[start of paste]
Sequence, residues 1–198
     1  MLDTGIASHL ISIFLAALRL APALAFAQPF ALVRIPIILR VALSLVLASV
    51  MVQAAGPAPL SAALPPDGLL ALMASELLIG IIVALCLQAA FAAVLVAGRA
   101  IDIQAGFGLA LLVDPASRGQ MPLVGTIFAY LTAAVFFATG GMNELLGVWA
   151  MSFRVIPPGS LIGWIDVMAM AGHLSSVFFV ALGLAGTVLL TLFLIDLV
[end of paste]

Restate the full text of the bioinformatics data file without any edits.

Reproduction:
Sequence, residues 1–198
     1  MLDTGIASHL ISIFLAALRL APALAFAQPF ALVRIPIILR VALSLVLASV
    51  MVQAAGPAPL SAALPPDGLL ALMASELLIG IIVALCLQAA FAAVLVAGRA
   101  IDIQAGFGLA LLVDPASRGQ MPLVGTIFAY LTAAVFFATG GMNELLGVWA
   151  MSFRVIPPGS LIGWIDVMAM AGHLSSVFFV ALGLAGTVLL TLFLIDLV